Don't look for major mobile carriers to shack up with Ubuntu Touch till 2015
15th Jan 2014 | 20:55
Small beginnings for Ubuntu Touch OS
The road to Canonical's Ubuntu Touch smartphone has been a long one, and now it's stretching even further as the open-source software company makes a play for the major leagues.
In a recent Reddit Ask Me Anything, Canonical's Community Manager Jono Bacon admitted that the first Ubuntu Touch OS smartphone for major OEMs and carriers is unlikely to appear until next year.
"Longer-term we would love to see the major OEM/carriers shipping Ubuntu handsets," Bacon wrote. "This is a long road though with many components, and I would be surprised if we see anything like this before 2015."
Bacon continued, noting that Ubuntu phones will likely first ship to smaller OEMs looking for lower cost and risk-trial devices. As for the buyer, Bacon believes "the ideal customer today is someone who wants a dependable device but does not require a large catalogue of specific apps (as we don't have many of them yet)."
Starting off with small beginnings and high sales, Canonical hopes to send a strong message to OEMs and build from there. So for now it seems that Ubuntu is still on track to release a smartphone by this year as Canonical Founder Mark Shuttleworth promised in December 2013, albeit with a small mobile net.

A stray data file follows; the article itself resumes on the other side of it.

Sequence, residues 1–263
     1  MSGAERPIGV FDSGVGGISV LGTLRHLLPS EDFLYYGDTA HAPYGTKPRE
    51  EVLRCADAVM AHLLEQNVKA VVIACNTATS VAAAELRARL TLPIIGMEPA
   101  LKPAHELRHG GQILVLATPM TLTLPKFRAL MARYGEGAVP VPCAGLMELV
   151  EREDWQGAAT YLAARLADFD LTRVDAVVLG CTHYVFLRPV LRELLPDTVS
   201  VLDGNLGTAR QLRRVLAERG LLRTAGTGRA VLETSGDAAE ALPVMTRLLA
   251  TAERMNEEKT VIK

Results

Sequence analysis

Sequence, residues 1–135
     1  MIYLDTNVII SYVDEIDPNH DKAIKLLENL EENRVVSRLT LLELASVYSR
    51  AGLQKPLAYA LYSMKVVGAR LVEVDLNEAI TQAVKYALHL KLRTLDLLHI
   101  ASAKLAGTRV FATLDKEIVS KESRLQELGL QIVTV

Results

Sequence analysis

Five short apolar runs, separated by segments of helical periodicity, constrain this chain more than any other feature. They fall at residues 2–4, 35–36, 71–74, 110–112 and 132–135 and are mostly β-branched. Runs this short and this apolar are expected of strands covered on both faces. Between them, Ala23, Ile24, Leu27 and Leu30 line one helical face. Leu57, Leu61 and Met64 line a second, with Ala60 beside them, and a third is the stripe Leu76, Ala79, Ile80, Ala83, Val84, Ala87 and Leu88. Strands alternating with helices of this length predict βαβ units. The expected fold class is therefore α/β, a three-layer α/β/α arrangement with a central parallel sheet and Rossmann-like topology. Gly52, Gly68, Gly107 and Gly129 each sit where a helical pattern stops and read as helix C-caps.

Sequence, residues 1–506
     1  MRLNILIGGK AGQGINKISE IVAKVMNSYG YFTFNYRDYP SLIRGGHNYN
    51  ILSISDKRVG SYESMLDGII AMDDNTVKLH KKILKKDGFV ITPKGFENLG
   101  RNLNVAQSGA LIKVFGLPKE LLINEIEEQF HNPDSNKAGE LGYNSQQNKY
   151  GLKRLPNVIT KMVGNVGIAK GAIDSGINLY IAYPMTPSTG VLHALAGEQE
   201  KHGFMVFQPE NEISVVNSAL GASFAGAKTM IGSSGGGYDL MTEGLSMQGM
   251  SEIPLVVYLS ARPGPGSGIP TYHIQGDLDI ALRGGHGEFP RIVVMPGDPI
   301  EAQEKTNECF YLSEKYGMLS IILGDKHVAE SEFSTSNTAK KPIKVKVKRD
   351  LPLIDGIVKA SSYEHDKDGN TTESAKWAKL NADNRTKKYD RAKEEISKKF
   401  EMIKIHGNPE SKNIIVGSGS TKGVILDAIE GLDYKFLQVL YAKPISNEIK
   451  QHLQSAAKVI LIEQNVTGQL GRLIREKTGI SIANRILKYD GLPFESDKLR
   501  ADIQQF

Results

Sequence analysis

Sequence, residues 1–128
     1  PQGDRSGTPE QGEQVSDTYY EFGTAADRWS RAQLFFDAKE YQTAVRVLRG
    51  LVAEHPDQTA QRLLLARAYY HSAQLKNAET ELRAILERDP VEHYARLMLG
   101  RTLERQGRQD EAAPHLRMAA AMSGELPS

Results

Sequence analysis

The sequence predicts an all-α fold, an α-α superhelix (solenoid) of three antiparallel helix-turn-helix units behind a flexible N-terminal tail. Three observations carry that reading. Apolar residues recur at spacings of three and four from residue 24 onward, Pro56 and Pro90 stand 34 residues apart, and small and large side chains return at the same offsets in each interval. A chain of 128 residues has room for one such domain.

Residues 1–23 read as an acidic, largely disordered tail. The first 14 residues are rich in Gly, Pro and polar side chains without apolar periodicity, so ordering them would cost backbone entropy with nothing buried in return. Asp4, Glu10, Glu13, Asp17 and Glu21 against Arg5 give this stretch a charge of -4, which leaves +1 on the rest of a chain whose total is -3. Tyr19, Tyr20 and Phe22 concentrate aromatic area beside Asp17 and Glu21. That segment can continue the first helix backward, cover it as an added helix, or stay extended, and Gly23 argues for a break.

Swing for the fences
As for what an Ubuntu phone will actually be able to do, Bacon did not confirm many features. Instead, during the course of the AMA, there were more items that we can expect to be missing.
Bacon responded to a question about to CDMA support on the Ubuntu Touch OS that it is not on the current Ubuntu phone plan; meaning customers of US carriers Sprint and Verizon won't be able to jump on board with Canonical in the foreseeable future.
Similarly, there aren't any extra touches to add integration between Ubuntu computers and phones on the docket. As Bacon explained, "[t]he primary integration will be getting content and syncing it [with] Ubuntu One, which syncs across devices."